(Bloomberg) -- Euro-area inflation slowed more than expected, suggesting a more heated debate to come at the European Central Bank over how much further interest rates must rise.

January’s reading came in at 8.5%, Eurostat said Wednesday, less than economist estimates for a slowdown to 8.9%. 

The third monthly retreat was driven by energy. But a gauge of underlying inflation that excludes volatile items like that held at an all-time high of 5.2%.

The data may embolden more dovish officials at the ECB who are starting to push for an easing in the pace of rate hikes following a widely anticipated half-point move on Thursday.

They can point to plunging natural gas prices amid a mild winter, as well as expectations of a similar downshift by the Federal Reserve and a pause in the Bank of Canada’s monetary-tightening cycle.

The Eurostat numbers estimate for Germany — which will release delayed inflation data next week.

More hawkish ECB officials fret about rising wages and have focused on sticky core inflation. President Christine Lagarde warned in December that there’s “good reason to believe” inflation numbers in the first two months of 2023 could be higher.

A rosier economic backdrop could strengthen price pressures. Data this week suggested the euro-region economy will dodge a recession, while the manufacturing industry is recovering and unemployment held at a record-low in December.

What Bloomberg Economics Says...

“This first release for the year is rife with uncertainty and we don’t expect the ECB will read too much into it. But, combined with stronger-than-expected growth in the fourth quarter, it should offer some confirmation that the big picture of persistent underlying price pressures remains valid going into Thursday’s meeting.”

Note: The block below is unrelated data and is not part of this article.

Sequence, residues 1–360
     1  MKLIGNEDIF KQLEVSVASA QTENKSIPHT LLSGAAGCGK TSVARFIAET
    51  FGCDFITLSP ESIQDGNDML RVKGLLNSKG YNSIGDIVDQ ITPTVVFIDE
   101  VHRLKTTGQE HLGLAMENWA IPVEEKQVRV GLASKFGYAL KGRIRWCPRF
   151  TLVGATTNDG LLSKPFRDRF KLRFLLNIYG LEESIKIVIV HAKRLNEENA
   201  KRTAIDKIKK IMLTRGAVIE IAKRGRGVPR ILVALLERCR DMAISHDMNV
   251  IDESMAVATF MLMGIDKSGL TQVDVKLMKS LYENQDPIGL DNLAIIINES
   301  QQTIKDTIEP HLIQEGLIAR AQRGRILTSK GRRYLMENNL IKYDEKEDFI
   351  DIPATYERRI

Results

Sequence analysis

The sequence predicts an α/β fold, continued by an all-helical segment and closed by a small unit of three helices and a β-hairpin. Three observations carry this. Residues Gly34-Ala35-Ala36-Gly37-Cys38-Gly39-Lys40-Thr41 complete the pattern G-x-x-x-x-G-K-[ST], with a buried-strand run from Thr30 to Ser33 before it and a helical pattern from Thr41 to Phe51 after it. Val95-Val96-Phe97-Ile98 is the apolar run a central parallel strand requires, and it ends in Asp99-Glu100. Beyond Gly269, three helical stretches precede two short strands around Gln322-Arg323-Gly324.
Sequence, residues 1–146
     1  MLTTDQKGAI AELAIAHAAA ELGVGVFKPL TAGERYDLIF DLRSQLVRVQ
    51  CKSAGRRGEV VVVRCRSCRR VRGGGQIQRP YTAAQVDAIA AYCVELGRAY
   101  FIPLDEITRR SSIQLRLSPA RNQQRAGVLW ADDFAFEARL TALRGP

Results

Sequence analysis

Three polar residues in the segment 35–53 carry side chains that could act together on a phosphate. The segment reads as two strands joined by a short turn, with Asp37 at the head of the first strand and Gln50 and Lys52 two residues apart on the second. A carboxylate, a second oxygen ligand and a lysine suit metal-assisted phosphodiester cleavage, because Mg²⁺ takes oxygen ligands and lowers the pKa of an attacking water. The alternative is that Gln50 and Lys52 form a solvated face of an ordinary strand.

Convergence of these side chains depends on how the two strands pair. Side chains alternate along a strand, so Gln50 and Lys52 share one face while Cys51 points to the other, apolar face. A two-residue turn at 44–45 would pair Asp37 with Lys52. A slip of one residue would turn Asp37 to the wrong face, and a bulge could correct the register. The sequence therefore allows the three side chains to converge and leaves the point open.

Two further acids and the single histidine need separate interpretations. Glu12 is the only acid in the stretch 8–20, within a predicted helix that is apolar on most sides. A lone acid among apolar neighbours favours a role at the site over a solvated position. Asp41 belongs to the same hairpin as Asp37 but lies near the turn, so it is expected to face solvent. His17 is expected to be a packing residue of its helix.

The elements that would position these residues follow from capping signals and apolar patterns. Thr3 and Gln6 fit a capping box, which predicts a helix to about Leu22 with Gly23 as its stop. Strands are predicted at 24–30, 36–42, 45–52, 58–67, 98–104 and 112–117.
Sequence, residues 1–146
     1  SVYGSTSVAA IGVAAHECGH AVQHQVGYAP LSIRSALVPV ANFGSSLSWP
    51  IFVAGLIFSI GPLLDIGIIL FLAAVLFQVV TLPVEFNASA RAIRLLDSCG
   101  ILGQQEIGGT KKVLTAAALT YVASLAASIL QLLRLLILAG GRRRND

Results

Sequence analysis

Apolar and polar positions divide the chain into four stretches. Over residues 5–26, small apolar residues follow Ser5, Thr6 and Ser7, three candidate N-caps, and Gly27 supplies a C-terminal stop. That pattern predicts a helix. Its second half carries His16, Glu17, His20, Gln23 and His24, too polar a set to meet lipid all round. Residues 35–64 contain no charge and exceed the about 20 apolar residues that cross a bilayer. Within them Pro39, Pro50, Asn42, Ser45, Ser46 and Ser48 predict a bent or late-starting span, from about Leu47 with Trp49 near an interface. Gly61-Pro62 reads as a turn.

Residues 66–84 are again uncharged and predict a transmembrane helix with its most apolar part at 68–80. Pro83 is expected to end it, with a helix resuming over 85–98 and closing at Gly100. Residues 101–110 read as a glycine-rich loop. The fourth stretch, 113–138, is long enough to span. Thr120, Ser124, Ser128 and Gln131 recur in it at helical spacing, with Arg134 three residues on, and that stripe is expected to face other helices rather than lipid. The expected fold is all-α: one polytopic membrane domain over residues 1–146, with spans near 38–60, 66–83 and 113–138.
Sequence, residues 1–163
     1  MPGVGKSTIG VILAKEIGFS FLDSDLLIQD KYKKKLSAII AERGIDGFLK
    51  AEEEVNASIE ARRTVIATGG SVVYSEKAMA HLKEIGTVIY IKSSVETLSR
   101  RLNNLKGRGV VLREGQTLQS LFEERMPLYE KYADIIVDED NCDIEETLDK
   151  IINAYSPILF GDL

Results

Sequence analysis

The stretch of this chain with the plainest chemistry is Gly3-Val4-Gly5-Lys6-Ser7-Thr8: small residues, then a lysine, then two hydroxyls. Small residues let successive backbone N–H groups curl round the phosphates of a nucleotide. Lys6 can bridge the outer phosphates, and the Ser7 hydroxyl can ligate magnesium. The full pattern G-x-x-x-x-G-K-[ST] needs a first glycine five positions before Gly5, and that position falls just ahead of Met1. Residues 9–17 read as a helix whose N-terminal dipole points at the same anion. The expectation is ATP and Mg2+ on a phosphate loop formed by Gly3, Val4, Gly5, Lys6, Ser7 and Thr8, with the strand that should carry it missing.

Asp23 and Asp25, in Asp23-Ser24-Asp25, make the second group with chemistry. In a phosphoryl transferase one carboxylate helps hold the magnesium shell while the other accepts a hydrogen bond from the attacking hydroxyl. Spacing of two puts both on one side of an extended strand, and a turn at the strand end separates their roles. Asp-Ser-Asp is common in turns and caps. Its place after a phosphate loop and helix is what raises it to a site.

—Maeva Cousin, senior euro-area economist.

Uncertainty over inflation was already elevated due to annual adjustments in how changes are calculated, as well as shifts in how some governments shield households and firms from the ramp-up in energy costs that followed Russia’s invasion of Ukraine.

The picture became even more cloudy when statisticians in Germany said technical problems meant they couldn’t provide January figures as scheduled this week. Eurostat has, instead, made its own estimate for Europe’s biggest economy, though it didn’t specify what that was.

The aggregate data suggest a sharp German slowdown, while analysts — surveyed before the postponement was announced — predicted an uptick. Eurostat’s final inflation reading is due Feb. 23.

The results of what’s already the most aggressive bout of tightening in ECB history are unlikely to become fully visible until the second half of the year. Attention this week will be firmly on Lagarde, and what she sees happening at March’s meeting and beyond.

The ECB will probably deliver 50 basis-point rate increases in February and March, followed by a final 25 basis-point hike in May, according to a Bloomberg poll of economists that sees the deposit rate then settling at 3.25%, up from 2% now.

Officials “will stay the course to ensure the timely return of inflation to our target” of 2%, Lagarde told the World Economic Forum in Davos last month.

--With assistance from Alexander Weber, Craig Stirling, Joel Rinneby and Barbara Sladkowska.

(Updates with Bloomberg Economics after seventh paragraph.)

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